Would you describe your parents as impatient? Are they generous with finances? Some parents might be more inclined to give to charity on average; others may prefer to focus mainly on their own needs.
It might pay to take note of these things: it turns out that parental preferences can influence your choices when managing money – even more than whether they’re rich or poor.
That’s the conclusion of a 2018 paper by Shyamal Chowdhury, Matthias Sutter and Klaus F Zimmermann. They found that a family’s socio-economic status has less effect on the economic preferences of the children than how the parents think.
Haste makes waste?
One way this happens is that patient mothers and fathers who work consistently towards their future goals are more likely to have patient children who are inclined to do the same.
And if mothers and fathers are inclined to take risks – buying lottery tickets, for example – their children are likelier to fancy a flutter as well, the study learned.
What this means: it might pay to think more carefully about what your parents would have done when it comes time to make a money choice, and adjust your own response in light of that.
For example, if your parents would never take a calculated risk, perhaps examine your own views in relation to investing. It might be that your attitude is partly “inherited”. So it might sometimes make sense to break the mould.
A less controversial example might be gambling on your future by not putting money away in savings. Did your parents act like this? If so, how did it turn out? Should you emulate them, or carve out a different path?
About the research
Chowdhury, Sutter and Zimmerman studied 1,999 people in Bangladesh, including 544 pairs of mothers and fathers and 911 children from six to 17 years of age. No other experiments at the time had looked at this kind of information in the same depth.
Lots of earlier studies only focused on one parent, for example, or one type of economic preference, without examining a range of other factors that might influence the results, the researchers said.
They concede that the results might be different in rich countries; mothers in Bangladesh are likelier to stay home with the children, for example, and there’s less social mobility generally.
But they believe their findings will apply in other countries, not least because they controlled for so many other factors – such as IQ, the Big-Five personality traits, whether they felt in control of their lives, years of schooling, age of the parents and so on.
“A series of robustness checks reveals a few further noteworthy results: older siblings’ preferences are also positively correlated with younger siblings’ preferences,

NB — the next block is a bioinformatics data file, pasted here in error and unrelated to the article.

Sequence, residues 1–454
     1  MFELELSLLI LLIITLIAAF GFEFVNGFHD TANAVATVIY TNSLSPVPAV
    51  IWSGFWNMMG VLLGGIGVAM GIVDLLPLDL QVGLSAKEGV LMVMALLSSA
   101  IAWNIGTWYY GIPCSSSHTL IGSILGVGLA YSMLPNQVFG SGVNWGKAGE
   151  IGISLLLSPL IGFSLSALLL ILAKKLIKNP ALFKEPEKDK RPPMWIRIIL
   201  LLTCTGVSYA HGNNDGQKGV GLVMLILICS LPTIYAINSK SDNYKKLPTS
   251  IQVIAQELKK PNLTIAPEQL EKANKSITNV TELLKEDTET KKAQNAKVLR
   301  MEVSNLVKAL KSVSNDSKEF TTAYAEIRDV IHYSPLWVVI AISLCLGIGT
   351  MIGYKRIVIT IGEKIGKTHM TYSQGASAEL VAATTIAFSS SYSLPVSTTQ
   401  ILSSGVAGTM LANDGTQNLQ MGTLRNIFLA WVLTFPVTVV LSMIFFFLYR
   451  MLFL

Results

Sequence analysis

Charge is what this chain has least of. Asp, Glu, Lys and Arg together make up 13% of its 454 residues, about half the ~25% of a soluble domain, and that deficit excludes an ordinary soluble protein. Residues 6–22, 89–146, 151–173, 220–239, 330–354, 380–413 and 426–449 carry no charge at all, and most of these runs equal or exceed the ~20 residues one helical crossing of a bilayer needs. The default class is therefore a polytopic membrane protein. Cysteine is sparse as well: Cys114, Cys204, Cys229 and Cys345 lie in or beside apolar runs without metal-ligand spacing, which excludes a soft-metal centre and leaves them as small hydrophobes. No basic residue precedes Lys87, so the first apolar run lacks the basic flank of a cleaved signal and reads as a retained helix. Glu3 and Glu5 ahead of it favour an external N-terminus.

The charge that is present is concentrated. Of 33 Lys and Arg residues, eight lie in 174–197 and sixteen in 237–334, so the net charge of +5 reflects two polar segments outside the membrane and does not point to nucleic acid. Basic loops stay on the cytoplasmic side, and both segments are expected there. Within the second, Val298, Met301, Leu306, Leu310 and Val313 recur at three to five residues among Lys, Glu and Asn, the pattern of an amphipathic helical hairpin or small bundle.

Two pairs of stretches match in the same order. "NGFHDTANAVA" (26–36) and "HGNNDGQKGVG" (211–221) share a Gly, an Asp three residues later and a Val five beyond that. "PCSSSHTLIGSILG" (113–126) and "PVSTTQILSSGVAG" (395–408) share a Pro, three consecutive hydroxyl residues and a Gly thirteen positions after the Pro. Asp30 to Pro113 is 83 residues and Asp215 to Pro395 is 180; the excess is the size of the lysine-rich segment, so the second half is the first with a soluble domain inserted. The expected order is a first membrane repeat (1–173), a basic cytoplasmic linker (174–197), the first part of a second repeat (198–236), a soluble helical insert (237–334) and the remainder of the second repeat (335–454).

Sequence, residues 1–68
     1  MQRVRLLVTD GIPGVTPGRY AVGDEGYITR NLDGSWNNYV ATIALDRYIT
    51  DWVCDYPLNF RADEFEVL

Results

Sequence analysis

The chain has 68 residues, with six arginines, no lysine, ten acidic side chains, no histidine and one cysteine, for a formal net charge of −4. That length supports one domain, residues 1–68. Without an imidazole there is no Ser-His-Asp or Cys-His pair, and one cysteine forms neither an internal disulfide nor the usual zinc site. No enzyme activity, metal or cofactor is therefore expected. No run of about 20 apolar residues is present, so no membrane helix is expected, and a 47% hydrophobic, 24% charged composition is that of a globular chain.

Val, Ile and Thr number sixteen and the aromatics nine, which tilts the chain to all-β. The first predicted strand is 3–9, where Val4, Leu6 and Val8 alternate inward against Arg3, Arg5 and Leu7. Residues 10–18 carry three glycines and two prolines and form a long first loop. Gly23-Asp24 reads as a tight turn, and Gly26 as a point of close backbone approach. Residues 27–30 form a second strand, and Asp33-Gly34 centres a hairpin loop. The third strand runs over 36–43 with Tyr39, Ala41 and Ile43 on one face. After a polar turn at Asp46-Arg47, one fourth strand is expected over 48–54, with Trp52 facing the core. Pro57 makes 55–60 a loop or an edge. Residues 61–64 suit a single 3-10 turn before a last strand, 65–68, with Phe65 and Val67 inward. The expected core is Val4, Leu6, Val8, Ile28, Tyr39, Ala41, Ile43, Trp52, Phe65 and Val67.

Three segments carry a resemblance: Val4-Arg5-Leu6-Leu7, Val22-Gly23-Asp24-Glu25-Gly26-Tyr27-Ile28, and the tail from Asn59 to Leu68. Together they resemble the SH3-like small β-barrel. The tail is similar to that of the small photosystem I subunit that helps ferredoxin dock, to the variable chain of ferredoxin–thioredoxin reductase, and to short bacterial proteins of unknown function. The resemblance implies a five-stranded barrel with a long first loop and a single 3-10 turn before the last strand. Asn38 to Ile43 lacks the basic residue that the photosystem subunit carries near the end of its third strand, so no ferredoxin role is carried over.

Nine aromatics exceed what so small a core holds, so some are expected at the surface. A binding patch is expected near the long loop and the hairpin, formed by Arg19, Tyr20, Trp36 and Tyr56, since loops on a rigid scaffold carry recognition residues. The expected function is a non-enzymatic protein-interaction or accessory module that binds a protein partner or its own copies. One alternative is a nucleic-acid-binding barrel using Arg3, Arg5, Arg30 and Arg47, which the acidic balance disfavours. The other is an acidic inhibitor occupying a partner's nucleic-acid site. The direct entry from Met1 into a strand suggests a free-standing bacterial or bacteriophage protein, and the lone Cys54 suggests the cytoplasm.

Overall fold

[and] parents who are more similar in their preferences have a slightly stronger relation to their children’s preferences than parents who are more dissimilar,” they write.
“Parents’ preferences are [also] more strongly aligned with older children’s preferences than younger ones, and we observe peer effects in the village.”
Other ways family pays
Of course, we’ve long known that we learn a lot from our families, and that our family situation can affect many things in later life, including our finances. This can be either good or bad. For example, when money is tight growing up, children might learn that it pays to be frugal, having regularly been reminded that “money doesn’t grow on trees”.
However, some children might rebel, and instead grow up to be more spendthrift. This might suggest more of a role for personality or the nature of the people involved.
And if your parents expect you to go on to university, for example, you may well be encouraged to fulfil those expectations. This will probably affect your finances in a range of ways, from the potential to acquire student debts in hopes of a higher-paying job down the track.
The above article also cites a Harvard Business School study which concluded that daughters of working mothers were 23% more likely to go on to a supervisory role at work and earn more money.
Copycat or character?
It’s often assumed that what we learn from our parents is mainly about how the child is brought up. But the Chowdhury, Sutter and Zimmerman research suggests that, specifically, parents’ basic attitudes (regardless of what they actually tell their children, or their circumstances) contribute in an important way. This could be a peer effect of sorts, if not biologically inherited in any way.
Perhaps we should all think beyond the money messages we receive as children as a result of training, education or environment; it might pay to have a closer look at your own natural feelings on the matter too. Have you “inherited” any feelings on finance that could work against you in the long run?